In March 2021, even as the giant prices for NFTs made them a part of the mainstream media conversation, Memo Akten took down Cryptoart.wtf because information about the carbon cost of NFTs was used maliciously, in classic instances of cyber-bullying. But he’s pressed on, aiming to establish a more productive type of conversation. In April of this year, he and others started providing resources on blockchain platforms in the Guide to EcoFriendly CryptoArt and a handy Google spreadsheet.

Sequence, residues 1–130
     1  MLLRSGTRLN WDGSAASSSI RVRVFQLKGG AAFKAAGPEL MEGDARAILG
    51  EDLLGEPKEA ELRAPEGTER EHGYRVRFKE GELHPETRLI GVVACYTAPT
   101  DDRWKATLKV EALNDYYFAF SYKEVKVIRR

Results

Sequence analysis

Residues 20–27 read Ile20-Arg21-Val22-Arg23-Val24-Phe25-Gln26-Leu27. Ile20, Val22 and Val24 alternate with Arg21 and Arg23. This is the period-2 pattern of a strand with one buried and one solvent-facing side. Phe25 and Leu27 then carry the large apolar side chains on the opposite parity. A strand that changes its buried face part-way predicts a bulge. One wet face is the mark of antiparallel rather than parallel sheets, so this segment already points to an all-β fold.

It took one carpet tile company thirty years to develop a carbon negative product. Every advance revealed additional improvements to adopt. For those of us looking to change our ways now, it must be a continuous effort of self-criticism, not one bound to the anxiety of our own inadequacy.